columnist Shaun Murphy looks at the trials and tribulations of
Darlington and wonders if they are finally set to fulfil their promise.
It's no real surprise
to see Darlington topping the League Two table at this early stage of this
season. After all, we've been here before – a promising start only to see the
Quakers fall at the final hurdle in such frustrating fashion.
But could it be different this time? Could this be the year
Darlington validate everyone's faith in them and achieve promotion?
Darlington seem to have become part of the furniture in
League Two, with only Rochdale inhabiting the division for a longer period of
time. The Quakers themselves have been in the bottom tier since 1992, after a
brief stay in the depths of Non-League, when Brian Little rescued the club and
delivered back-to-back promotions before moving on to pastures new. But that's
not to say it's been dull for the North East side. Darlington have had their
fair share of dramas over the years, and one man was at the forefront of them.
The outspoken and controversial Reynolds came in as Chairman
in 2000, and promised big ideas and even bigger names. But the talk of Faustino
Asprilla and Paul Gascoigne arriving at Darlington was exactly that – just
Reynolds certainly left his mark in the North East.
Premiership football was the dream, but massive debts and a 25,000 stadium that
Darlington clearly couldn't fill nor afford was the harsh reality of Reynolds'
Administration followed in 2003, with the club facing a
claim of £15m from their former owner. Reynolds eventually resigned, but not
before an outrageous outburst from his wife, in which she accused the squad of
throwing a game. This was indeed the final straw, and Reynolds left the club
second from bottom in the table and staring relegation flat in the face.
Local favorite David Hodgson was given the task of reviving
the Quakers fortunes, and he did so successfully, saving the club from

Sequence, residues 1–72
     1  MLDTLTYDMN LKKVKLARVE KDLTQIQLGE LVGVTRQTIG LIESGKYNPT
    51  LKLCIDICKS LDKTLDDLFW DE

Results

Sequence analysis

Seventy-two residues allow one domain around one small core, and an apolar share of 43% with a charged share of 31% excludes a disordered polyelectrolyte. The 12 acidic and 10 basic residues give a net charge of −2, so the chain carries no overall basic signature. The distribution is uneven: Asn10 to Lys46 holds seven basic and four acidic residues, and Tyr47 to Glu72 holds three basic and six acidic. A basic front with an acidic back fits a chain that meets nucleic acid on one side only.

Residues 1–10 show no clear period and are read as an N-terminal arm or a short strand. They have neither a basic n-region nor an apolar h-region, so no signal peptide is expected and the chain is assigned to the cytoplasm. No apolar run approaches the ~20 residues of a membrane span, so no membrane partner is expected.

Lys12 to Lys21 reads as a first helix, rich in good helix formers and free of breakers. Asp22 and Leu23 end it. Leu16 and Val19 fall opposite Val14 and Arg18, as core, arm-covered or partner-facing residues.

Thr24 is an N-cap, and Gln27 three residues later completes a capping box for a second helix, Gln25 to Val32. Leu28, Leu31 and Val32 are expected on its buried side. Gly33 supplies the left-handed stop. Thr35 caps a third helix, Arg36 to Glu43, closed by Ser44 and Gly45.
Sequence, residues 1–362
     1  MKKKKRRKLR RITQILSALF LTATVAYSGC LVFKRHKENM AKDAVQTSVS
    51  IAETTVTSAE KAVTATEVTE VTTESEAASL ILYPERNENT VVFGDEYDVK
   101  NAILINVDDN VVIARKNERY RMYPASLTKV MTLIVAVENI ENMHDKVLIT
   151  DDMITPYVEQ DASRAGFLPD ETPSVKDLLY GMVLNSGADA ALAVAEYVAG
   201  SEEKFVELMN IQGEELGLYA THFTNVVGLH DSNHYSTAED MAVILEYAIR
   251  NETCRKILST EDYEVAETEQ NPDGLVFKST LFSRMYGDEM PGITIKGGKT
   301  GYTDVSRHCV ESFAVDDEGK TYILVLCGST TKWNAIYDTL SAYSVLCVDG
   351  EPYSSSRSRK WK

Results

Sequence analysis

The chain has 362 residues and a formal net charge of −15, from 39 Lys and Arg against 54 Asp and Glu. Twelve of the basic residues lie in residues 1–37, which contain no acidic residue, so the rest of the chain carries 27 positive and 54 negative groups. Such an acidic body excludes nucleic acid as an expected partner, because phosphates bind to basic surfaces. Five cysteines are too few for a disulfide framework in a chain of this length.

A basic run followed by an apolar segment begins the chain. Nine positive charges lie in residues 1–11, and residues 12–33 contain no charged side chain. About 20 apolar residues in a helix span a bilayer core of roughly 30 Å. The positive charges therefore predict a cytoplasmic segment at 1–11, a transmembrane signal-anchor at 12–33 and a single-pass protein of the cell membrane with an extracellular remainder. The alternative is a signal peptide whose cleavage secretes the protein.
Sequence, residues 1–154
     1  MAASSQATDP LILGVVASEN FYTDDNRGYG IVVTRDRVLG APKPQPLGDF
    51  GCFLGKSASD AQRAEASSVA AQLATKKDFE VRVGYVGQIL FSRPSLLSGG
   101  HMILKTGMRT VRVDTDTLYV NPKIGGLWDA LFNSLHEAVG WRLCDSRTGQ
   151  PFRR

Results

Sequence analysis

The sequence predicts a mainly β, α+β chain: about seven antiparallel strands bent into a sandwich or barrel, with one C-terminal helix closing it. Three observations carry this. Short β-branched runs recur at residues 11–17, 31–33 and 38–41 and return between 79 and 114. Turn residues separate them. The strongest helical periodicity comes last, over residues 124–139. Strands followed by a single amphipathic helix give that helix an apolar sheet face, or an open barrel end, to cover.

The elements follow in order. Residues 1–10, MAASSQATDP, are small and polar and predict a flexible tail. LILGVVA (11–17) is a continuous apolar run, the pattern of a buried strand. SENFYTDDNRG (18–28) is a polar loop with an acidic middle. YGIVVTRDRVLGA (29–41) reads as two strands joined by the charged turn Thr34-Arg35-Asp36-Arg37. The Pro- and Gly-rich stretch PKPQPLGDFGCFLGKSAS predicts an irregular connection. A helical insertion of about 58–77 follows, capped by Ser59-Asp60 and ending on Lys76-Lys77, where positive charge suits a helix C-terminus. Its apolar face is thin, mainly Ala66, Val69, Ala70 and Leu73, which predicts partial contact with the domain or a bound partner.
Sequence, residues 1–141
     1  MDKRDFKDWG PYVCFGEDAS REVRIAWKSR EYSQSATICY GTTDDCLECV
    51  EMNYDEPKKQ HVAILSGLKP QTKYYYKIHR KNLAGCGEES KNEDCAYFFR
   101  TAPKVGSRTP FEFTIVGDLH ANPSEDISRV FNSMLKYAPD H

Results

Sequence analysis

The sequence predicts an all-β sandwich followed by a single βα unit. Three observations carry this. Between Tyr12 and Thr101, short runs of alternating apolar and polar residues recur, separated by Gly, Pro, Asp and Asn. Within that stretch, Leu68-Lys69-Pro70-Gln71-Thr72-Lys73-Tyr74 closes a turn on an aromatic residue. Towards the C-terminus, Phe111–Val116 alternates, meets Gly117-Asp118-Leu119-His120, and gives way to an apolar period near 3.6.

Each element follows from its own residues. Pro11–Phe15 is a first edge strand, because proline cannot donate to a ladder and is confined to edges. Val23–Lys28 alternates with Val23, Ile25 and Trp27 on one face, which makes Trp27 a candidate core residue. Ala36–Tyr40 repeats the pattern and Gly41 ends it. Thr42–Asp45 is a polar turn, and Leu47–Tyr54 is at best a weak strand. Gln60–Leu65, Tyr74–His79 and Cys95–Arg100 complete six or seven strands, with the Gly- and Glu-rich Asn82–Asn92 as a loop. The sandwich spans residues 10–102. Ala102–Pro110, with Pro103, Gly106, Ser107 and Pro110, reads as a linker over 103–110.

relegation in what looked like dark times indeed for the Quakers.
And with Reynolds gone and Hodgson taking the managerial
reigns for a third time, promotion was now on the agenda for Darlington, in
what seemed like a new era, a fresh start even.
Many players were brought in to the North East, with the
likes of Craig Hignett and Alun Armstrong drafted in to provide some much
needed Premiership experience.
But as much as Hodgson tried, despite his undoubted love for
the club, and despite the obvious funds at his disposal, he just couldn't
deliver, with the Quakers finishing 8th two seasons in a row – agonisingly
close to the playoffs. And after allegations of an approach from then League
One side Bournemouth, and a poor start to the season to boot, Hodgson was soon
on his way.
And that's where Dave Penney comes in.
The former Doncaster manager knows exactly what it takes to
gain promotion at this level after a productive spell at Doncaster, taking the
club from the Conference to League One.
And Penney wasted no time in making his mark.
Almost straight away Penney sorted out the defence, knowing
that most successes at this level are built from the back. Defenders Stephen
Foster and Neil Austin came in to shore things up at the back, and Pawel Abbott
was drafted in to supply the goals at the other end.
In the lower leagues, if you can get it right in both boxes,
you're always in with a chance, and Penney realised this.
And only last season, Penney took Darlington into the
playoffs, only for the Quakers to lose out to Rochdale on penalties at the
It was a cruel way to lose, especially with a trip to
Wembley at stake.
And now we come to this season. With the team's budget being
cut significantly, Darlington are ‘moneybags' no more. So the astute Penney
turned to the loan market to strengthen this squad, taking a leaf out of Graham
Turner's book at Hereford.
Out of favour at their parent clubs, strikers Liam Hatch and
Billy Clarke were drafted in from Peterborough and Ipswich respectively, and
the pairing have struck up a formidable strike partnership, with Hatch's
strength and aerial prowess complimenting Clarke's pace and movement well. It's
a classic big man, small man partnership, and it's paying dividends for the
And they're keeping it tight at the back too. Alan White and
Stephen Foster in the centre of defence have plenty of experience, and even in
midfield there's balance, with Ricky Ravenhill providing the grit and Jason
Kennedy providing the flair in the middle of the park.
It's a winning formula as things stand in November, with
Darlington sitting pretty at the top of League Two. But titles aren't awarded
in November, and Quakers fans know that all too well.
So, can Dave Penney's boys last the pace, or will it be
another case of so close, yet so far?